TLDR; The Linux system call interface is becoming an increasingly useful instrumentation point for monitoring, troubleshooting, and security. This talk covers why that is happening, what you can get from it, and how it will make your life better.
Once upon a time, you could use packet capture to answer questions like: How many outbound TCP connections in the past hour? Top HTTP requests? Did the latest SQL injection attack happen to my database?
But then the cloud happened, we lost access to a span port, and no longer had a good place to capture traffic. And then containers and their orchestration happened (hello k8s!), and we lost the straightforward mapping between network tuples and applications.
But there’s good news! There’s another instrumentation point which is still largely overlooked, but is even richer in the detail it provides: system calls. By tapping syscalls, you can get pretty much anything you can get from tapping the network, and a lot more. And we’re now getting good support (both kernel and associated tooling) to tap into this instrumentation point.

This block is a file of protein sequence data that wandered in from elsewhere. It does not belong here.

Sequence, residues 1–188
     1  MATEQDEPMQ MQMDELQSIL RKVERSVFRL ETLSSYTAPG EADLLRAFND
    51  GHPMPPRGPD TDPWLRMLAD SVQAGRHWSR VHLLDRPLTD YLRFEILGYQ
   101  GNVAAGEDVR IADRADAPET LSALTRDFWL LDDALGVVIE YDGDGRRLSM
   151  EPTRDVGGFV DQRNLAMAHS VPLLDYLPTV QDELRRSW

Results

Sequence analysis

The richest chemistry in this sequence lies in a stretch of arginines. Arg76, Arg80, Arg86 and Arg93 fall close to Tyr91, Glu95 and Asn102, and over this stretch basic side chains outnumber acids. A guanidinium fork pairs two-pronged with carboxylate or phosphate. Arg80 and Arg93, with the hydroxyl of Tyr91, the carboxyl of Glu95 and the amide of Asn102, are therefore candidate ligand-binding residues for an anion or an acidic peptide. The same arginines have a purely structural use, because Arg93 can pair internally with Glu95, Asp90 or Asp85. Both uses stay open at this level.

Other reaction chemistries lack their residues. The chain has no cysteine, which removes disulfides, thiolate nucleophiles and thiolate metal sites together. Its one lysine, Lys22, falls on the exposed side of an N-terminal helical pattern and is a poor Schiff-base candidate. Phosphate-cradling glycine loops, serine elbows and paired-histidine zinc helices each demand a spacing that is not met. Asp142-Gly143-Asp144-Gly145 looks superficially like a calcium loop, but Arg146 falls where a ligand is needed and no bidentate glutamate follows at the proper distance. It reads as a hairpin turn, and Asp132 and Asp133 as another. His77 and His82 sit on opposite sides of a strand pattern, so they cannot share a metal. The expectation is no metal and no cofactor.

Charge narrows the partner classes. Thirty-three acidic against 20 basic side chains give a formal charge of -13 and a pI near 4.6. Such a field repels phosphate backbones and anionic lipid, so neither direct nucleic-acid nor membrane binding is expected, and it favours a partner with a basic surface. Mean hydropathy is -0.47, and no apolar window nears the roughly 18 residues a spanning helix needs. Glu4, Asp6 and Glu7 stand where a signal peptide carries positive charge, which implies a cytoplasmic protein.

We’ll give highlights of some of those open-source tools, such as go-audit, sysdig, falco, and maybe even a taste of ebpf. Most importantly, we’ll cover practical examples of using system calls to answer analytics, security, and monitoring questions on realistic environments.